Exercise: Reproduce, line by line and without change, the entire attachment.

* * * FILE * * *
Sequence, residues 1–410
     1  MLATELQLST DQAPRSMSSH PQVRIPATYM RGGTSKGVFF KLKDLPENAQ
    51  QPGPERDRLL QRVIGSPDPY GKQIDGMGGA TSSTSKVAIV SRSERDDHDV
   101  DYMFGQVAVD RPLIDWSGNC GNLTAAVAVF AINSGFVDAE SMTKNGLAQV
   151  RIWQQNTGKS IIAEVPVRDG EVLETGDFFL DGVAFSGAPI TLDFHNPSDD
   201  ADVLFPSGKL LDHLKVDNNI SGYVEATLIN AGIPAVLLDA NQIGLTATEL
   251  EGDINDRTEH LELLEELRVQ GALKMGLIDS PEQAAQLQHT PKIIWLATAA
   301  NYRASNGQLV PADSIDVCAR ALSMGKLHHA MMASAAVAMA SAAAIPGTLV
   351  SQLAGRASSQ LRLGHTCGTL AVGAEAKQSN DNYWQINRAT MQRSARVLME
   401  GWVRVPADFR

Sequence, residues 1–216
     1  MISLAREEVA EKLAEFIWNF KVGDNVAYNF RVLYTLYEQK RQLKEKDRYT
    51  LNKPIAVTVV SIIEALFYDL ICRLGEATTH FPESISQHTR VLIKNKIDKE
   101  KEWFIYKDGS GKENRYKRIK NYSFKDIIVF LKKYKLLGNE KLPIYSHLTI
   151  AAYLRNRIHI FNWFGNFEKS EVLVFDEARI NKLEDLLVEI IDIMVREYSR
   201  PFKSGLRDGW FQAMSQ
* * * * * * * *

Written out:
Sequence, residues 1–410
     1  MLATELQLST DQAPRSMSSH PQVRIPATYM RGGTSKGVFF KLKDLPENAQ
    51  QPGPERDRLL QRVIGSPDPY GKQIDGMGGA TSSTSKVAIV SRSERDDHDV
   101  DYMFGQVAVD RPLIDWSGNC GNLTAAVAVF AINSGFVDAE SMTKNGLAQV
   151  RIWQQNTGKS IIAEVPVRDG EVLETGDFFL DGVAFSGAPI TLDFHNPSDD
   201  ADVLFPSGKL LDHLKVDNNI SGYVEATLIN AGIPAVLLDA NQIGLTATEL
   251  EGDINDRTEH LELLEELRVQ GALKMGLIDS PEQAAQLQHT PKIIWLATAA
   301  NYRASNGQLV PADSIDVCAR ALSMGKLHHA MMASAAVAMA SAAAIPGTLV
   351  SQLAGRASSQ LRLGHTCGTL AVGAEAKQSN DNYWQINRAT MQRSARVLME
   401  GWVRVPADFR

Sequence, residues 1–216
     1  MISLAREEVA EKLAEFIWNF KVGDNVAYNF RVLYTLYEQK RQLKEKDRYT
    51  LNKPIAVTVV SIIEALFYDL ICRLGEATTH FPESISQHTR VLIKNKIDKE
   101  KEWFIYKDGS GKENRYKRIK NYSFKDIIVF LKKYKLLGNE KLPIYSHLTI
   151  AAYLRNRIHI FNWFGNFEKS EVLVFDEARI NKLEDLLVEI IDIMVREYSR
   201  PFKSGLRDGW FQAMSQ